Displayed throughout Piazza del Duomo in the Tuscan town of Pietrasanta, ancient marble sculptures aren’t quite what they seem. They were placed there by Italian artist Fabio Viale as part of his Truly exhibition, curated by Enrico Mattei. The statues are no ordinary stone figures though—they’re all “tattooed.”
Viale’s fascination with tattoos began when he met a Russian tattoo artist whose hands were full of “odd” symbols. “I felt really curious, and I asked him to draw a sculpture,” Viale tells My Modern Met. “I like the kind of tattoos that deal with death and life and use ancient symbology.”
Viale doesn’t just hand-paint the surface of his marble sculptures—he uses an ink that infiltrates the stone’s pores, resulting in the color that penetrates all the way through. He challenges the perception of ancient statues by merging the old art form with modern body art. “My goal of tattooing marble is to create a double identity sculpture: tattooing old masterpieces means donating a second life and, in a contemporary way, a new collective image,” he explains. “Today, tattoos could be considered as a suit that everybody may wear, old statues too! Changing ancient statues' life builds a temporal bridge towards universal beauty.”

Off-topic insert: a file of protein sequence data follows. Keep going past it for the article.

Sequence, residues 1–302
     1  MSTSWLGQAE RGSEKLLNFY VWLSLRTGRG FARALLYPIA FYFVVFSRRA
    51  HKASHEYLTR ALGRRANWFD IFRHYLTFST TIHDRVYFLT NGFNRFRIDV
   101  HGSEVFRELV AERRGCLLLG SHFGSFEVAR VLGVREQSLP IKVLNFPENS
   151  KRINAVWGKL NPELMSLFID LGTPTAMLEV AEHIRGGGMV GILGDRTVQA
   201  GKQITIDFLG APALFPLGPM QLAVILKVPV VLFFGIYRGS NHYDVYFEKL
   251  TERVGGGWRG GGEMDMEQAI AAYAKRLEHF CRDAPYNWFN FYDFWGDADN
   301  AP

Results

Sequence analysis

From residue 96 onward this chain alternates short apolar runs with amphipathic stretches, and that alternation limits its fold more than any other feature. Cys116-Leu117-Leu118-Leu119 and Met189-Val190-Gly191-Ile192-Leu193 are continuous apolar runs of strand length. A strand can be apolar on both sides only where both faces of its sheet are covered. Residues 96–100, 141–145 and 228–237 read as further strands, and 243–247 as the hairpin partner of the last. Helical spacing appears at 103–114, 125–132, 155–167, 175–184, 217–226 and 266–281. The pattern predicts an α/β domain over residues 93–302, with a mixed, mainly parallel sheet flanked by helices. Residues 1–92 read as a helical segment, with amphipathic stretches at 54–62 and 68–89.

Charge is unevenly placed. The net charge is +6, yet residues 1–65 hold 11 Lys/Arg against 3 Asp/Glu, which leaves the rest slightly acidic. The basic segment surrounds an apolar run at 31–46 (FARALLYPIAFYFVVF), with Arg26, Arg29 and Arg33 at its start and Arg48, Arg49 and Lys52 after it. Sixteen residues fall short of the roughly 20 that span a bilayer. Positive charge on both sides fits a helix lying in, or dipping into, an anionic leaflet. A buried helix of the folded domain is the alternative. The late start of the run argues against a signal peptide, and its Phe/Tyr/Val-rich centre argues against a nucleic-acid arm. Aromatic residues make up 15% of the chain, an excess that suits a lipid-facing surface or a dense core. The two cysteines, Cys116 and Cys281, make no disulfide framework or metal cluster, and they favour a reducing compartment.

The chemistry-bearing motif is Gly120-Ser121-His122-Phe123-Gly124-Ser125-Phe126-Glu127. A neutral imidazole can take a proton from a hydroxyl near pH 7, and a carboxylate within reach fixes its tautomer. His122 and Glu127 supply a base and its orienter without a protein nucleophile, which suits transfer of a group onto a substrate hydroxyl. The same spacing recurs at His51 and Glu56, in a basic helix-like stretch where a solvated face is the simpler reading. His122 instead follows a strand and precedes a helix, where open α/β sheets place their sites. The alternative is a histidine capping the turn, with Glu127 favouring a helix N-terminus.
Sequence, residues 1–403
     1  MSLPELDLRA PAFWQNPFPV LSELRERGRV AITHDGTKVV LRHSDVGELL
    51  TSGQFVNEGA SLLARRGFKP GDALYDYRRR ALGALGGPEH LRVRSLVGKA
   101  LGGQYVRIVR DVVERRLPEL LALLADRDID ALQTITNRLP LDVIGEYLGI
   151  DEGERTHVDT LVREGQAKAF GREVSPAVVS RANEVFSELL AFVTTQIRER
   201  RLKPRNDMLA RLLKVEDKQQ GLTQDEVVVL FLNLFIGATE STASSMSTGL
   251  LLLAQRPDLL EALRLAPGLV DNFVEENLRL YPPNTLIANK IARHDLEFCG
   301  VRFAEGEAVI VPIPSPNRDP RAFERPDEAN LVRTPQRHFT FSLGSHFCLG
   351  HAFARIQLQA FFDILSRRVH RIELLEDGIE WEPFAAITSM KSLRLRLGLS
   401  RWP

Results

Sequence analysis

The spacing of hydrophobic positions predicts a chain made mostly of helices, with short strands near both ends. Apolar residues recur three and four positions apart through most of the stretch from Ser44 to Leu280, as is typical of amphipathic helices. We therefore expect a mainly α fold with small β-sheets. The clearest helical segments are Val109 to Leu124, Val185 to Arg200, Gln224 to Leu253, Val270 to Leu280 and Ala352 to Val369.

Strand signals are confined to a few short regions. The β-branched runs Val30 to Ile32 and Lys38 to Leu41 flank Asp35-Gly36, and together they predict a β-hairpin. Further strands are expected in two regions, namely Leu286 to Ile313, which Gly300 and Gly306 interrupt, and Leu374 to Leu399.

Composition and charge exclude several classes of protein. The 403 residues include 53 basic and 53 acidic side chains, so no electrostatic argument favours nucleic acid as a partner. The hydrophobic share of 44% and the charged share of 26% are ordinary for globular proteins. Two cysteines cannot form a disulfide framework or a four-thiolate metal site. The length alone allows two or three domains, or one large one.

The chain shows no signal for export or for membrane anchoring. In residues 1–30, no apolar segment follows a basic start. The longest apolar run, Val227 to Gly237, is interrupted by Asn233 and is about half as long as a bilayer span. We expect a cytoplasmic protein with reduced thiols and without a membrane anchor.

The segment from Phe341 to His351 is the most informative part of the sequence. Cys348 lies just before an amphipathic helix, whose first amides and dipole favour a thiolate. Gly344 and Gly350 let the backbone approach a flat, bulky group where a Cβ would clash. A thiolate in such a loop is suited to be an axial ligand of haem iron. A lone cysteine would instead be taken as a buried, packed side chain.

Although most of the sculptures feature tattoos, the central pieces to Viale’s Truly exhibition are without. Inside the 14th-century church of Sant’Agostino, the Three Graces are positioned to sit on plinths. The three figures represent three women from Ghardaïa, a city in Algeria. They all wear the traditional haik, a white, long garment wrapped around the head and body. The sculptures are intended to provoke questions around the issues of personal and religious freedom.
See more images from Viale’s Truly exhibition, below, plus some behind the scenes shots. If you want to know more about this artist’s work, make sure to visit his website.